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Rogers is like Uber in its board conflict, this portfolio manager says

Rogers Communications

The turmoil at Rogers Communications (Rogers Communications Stock Quote, Charts, News, Analysts, Financials TSX:RCI.B) is nothing new, says David Baskin of Baskin Wealth Management, but it could be a problem for Rogers shareholders as the internal conflict comes at a particularly fraught moment for the Canadian telecom company with a proposed merger with Shaw Communications (Shaw Communications Stock Quote, Charts, News, Analysts, Financials TSX:SJR.B) still uncertain on whether it will pass regulatory scrutiny.

The Rogers’ family trust is reportedly holding an emergency meeting on Thursday to discuss putting limits on board chair Edward Rogers, son of the deceased Ted Rogers who was craftsman of the Rogers family media and telecommunications empire. Last week, news broke that Edward Rogers had made an attempt to replace Rogers President and CEO Joe Natale with now former chief financial officer Tony Staffieri. That move was reportedly rebuffed by board members along with members of the Rogers family. Board members also met earlier this week to discuss reining in Edward Rogers’ powers as the company tries to not only build out needed infrastructure to compete with the likes of Telus and BCE in the evolving telecom landscape but to push through the planned $26 billion Shaw deal.

Baskin says the threat of an executive shakeup at Rogers could make investors uncomfortable although such a move as not unheard of at companies the size of Rogers, which just reported its third quarter financials.

“It certainly doesn’t help the shareholders of Rogers who aren’t Edward Rogers when you see this kind of conflict erupt. It suggests that the chairman might attempt to oust those directors who don’t agree with him and replace them with more compliant directors and that might not be in the interest of the other shareholders of Rogers,” said Baskin, president of Baskin Wealth, who spoke on BNN Bloomberg on Thursday morning.

“I’m thinking right now about Uber, and, of course, at Uber famously the board of Uber kicked out its founder, and and largest shareholder and ousted him as CEO. Other companies have done the same. Expedia did the same and McDonald’s did the same. These board conflicts can end up very badly indeed,” he said.

Rogers’ share price rose steadily over the first half of the year, with the Rogers deal to buy Shaw first announced in March, but the stock has dropped over the last few months leaving it up about three per cent year-to-date.

Rogers missed analysts’ consensus estimate for revenue with its third quarter, where the Street was calling for a topline of $3.68 billion compared to the realized $3.67 billion. Earnings for the quarter were $490 million or $0.94 per share compared to $512 million or $1.01 per share a year earlier. The company added 175,000 in wireless postpaid net subscribers with 17,000 net new internet subscribers and 64,000 Ignite TV new subscribers. The company said its stable year-over-year revenue came with service revenue growth in Wireless and Cable but lower Media revenue and lower Wireless equipment revenue.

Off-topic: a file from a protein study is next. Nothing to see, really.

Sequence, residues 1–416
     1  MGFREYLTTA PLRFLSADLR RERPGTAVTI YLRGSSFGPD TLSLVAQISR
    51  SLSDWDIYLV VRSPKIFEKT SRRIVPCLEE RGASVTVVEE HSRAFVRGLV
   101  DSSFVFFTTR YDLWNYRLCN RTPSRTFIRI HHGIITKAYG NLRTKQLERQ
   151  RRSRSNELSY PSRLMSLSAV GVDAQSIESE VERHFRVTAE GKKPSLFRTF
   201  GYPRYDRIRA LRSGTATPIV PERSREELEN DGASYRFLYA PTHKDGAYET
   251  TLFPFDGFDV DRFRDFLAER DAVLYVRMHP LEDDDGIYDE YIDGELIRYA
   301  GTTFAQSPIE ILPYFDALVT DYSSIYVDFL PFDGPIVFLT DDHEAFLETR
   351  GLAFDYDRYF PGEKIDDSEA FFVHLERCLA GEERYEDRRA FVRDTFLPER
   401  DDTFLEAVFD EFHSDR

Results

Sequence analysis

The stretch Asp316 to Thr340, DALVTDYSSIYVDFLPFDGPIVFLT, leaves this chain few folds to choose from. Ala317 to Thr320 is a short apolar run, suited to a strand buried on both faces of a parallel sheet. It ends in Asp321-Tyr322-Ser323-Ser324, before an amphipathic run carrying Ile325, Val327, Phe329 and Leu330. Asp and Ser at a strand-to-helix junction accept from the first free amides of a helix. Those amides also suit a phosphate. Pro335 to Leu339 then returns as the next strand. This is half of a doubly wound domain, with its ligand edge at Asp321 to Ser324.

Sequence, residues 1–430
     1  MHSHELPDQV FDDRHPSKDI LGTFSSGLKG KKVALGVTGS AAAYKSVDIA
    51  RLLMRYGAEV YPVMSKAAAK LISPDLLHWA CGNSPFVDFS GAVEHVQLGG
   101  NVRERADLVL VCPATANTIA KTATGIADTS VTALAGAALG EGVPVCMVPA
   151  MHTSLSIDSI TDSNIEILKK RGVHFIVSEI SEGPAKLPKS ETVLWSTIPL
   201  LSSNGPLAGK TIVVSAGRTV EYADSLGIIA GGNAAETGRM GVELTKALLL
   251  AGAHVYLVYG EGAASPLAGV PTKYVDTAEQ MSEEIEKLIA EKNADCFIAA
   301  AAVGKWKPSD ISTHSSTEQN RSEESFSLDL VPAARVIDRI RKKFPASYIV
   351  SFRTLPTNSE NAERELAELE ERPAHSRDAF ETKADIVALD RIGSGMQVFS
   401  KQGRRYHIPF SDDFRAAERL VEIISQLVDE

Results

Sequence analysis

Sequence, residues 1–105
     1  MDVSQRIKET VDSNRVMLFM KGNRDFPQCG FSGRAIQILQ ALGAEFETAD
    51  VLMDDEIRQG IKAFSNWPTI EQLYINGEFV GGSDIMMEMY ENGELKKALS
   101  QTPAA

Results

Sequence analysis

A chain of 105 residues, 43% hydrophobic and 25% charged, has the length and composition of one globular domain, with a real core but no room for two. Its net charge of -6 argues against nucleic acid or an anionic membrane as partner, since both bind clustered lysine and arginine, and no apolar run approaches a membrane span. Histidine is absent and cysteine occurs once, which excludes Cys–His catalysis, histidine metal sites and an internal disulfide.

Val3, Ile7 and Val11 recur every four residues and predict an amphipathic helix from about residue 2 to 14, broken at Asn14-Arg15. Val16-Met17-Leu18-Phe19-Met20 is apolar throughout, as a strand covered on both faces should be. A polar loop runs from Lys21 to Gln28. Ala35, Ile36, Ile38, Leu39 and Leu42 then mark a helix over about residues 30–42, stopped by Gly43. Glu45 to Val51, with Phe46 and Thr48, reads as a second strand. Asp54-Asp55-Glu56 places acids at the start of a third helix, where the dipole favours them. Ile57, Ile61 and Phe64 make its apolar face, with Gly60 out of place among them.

“Our Rogers team delivered strong results in the third quarter led by an ongoing recovery in our wireless business,” said Natale in a press release. “Each of our businesses is benefitting from the ongoing opening of the economy, and we expect to maintain this momentum as we finish the year.”

“Throughout the pandemic, we have continued to make significant investments in our customers and Canada, which has positioned us well to drive sustainable long-term growth. As we come together with Shaw, we will build on this foundation to bring next- generation connectivity to communities across Western Canada, helping to create jobs, attract investment, and increase economic growth,” Natale said.

Baskin said Rogers will need to put the internal conflict behind itself if it’s going to get the Shaw deal done, one which needs to be cleared by a number of Canadian regulatory bodies currently assessing its impact on competition and consumer pricing in the telecom space.

“If [the Shaw deal] gets approved — and that’s a big if — undoubtedly, it will require some alterations in the way Rogers does business. Some parts of the business will probably have to be sold off, and that’s going to require a deft hand at the controls,” Baskin said.

“So, certainly it would make you a little nervous if you thought that the chairman and the CEO were butting heads,” he said.

“It’s always interesting when these dynastic companies like Rogers and I think about Power Corp and Bombardier where strong willed sons of founders come into conflict with their boards,” Baskin said. “But I think the most important thing to understand is that the duty of a director of a board of a company is not to the Roger’s family or to the largest shareholder but to the company itself. And I think if the board of Rogers felt that the chairman was out of line, then they absolutely did the right thing [in opposing Edward Rogers].”

About The Author /

Jayson is a writer, researcher and educator with a PhD in political philosophy from the University of Ottawa. His interests range from bioethics and innovations in the health sciences to governance, social justice and the history of ideas.
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